ASEAN KEY DESTINATIONS
Indonesia to cut taxes on listed firms, service companies
The deepening global economic slump has forced the Indonesian government to act fast to implement its pledged stimulus package to limit adverse impacts on local companies, reported the Jakarta Post.
Finance Minister Sri Mulyani Indrawati recently issued a regulation making publicly listed companies eligible for a 5 percent cut in income tax to help them reduce their costs.
Finance Ministry Regulation No. 238/2008, effective since December 30, 2008, says companies are eligible for this if their shares are at least 40 percent owned by the public, with at least 300 parties holding shares and no single shareholder having more than 5 percent of total holdings.
Under the regulation, companies must meet this requirement for at least six months within any one year if they want to get the concession.
The companies are also required to attach a letter from the Stock Administration Bureau when submitting their tax report.
Audit director at the Finance Ministry's directorate general of taxation Riza Noor Karim said the regulation, giving lower tax rates to some businesses, would encourage publicly-listed companies to release more shares to the public.
"Aside from the cuts, the policy will also encourage companies to release more of their shares to the public," Riza said. Income tax for corporations is set at 28 percent flat this year, and 25 percent flat next year.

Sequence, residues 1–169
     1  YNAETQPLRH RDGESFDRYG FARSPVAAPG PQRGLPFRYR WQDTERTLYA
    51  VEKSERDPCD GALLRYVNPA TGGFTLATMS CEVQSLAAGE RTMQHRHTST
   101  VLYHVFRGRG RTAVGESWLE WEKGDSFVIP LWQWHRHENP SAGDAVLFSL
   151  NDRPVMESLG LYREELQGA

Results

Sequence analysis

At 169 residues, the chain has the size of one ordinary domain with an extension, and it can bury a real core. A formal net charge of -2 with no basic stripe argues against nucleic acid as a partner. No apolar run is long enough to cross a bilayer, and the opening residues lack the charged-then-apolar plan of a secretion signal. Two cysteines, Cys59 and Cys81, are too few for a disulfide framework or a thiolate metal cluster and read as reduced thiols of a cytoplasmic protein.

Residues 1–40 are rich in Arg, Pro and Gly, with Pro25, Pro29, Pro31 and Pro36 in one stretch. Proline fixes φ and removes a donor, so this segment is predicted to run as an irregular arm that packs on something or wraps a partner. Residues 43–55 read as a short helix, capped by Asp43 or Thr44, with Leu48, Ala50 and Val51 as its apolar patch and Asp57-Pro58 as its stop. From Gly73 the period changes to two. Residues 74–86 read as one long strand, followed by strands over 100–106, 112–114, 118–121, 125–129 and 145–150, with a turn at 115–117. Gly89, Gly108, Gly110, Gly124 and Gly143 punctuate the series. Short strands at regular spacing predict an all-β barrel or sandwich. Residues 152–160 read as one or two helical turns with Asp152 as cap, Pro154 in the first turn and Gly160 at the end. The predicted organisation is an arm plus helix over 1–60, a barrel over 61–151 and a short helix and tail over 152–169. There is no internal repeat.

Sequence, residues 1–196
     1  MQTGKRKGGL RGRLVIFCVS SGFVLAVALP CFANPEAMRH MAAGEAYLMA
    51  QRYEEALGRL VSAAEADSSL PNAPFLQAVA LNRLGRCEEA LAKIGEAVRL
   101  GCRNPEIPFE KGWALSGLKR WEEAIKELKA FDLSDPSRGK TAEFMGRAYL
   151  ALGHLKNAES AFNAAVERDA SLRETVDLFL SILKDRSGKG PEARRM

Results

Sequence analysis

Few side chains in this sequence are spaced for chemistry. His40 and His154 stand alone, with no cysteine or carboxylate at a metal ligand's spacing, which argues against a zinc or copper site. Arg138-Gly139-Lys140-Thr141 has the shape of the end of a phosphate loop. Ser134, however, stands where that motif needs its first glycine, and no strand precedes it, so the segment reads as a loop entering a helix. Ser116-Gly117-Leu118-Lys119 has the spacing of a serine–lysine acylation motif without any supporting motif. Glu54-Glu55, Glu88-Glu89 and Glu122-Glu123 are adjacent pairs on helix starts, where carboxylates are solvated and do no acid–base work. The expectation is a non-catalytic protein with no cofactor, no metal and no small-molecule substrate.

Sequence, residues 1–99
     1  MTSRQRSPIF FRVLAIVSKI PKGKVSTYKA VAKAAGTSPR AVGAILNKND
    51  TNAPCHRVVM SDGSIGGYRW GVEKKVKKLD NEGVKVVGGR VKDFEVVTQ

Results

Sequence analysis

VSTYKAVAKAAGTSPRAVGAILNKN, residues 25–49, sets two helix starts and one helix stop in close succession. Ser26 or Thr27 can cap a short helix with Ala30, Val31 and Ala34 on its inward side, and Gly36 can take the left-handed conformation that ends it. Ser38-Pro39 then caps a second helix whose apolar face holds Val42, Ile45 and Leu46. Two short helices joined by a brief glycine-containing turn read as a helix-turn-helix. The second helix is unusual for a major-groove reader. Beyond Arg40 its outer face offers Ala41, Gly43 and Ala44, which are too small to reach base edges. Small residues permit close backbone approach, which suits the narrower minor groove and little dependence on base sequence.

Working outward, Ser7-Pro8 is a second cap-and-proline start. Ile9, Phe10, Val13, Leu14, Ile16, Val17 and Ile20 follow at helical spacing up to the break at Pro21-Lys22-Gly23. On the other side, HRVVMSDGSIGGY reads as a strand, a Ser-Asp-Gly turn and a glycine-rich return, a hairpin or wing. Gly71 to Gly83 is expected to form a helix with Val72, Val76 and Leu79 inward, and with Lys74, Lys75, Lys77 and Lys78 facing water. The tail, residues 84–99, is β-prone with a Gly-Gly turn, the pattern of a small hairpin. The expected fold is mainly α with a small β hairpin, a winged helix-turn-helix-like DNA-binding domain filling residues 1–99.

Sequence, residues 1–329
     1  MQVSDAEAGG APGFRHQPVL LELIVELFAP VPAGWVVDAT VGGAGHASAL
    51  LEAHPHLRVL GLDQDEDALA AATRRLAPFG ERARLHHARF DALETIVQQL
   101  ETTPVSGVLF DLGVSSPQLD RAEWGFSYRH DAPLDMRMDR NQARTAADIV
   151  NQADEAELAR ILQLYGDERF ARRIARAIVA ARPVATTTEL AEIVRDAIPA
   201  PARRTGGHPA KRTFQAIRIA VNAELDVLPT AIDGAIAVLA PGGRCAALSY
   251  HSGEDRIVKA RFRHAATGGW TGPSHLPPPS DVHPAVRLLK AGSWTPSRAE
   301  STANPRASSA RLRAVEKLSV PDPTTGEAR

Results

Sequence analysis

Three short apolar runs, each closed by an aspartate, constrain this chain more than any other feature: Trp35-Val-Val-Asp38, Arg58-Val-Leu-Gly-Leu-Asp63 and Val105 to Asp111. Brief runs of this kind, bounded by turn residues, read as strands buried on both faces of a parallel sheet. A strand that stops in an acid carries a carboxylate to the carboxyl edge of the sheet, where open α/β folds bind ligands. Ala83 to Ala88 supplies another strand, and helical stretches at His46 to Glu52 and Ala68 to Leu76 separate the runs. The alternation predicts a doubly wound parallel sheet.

The ministry also issued another regulation, No. 244/2008, making service sector companies eligible to a 2 percent cut in tax liability based on a calculation of gross revenue.
There are 27 service sector firms now enjoying the discount, effective since Jan. 1. This includes several outsourcing companies, installation companies, event organizers, cleaning service companies and food catering companies.
Service firms having no tax registration number (NPWP) will have to pay double. The normal tax rate taken from gross revenue for such industries is set at 4.5 percent.
Indonesia, Southeast Asia's largest economy, has unveiled a massive stimulus package to help push the economy by promoting domestic demand as business activities linked to international trade slump.
The government has set aside 12. 5 trillion rupiah ($1.1 billion) in this year's state budget, including for tax cuts and subsidies. This figure will likely grow as government plans to add 37.5 trillion rupiah more for this.
Several tax incentives are also in the pipeline which will be issued in less than three months. This include taking over liabilities for workers income tax from companies which normally subsidize the income tax contributions of their workers.
Unlike in developing countries, most companies here subsidize the income tax contributions of their workers as part of a benefit package.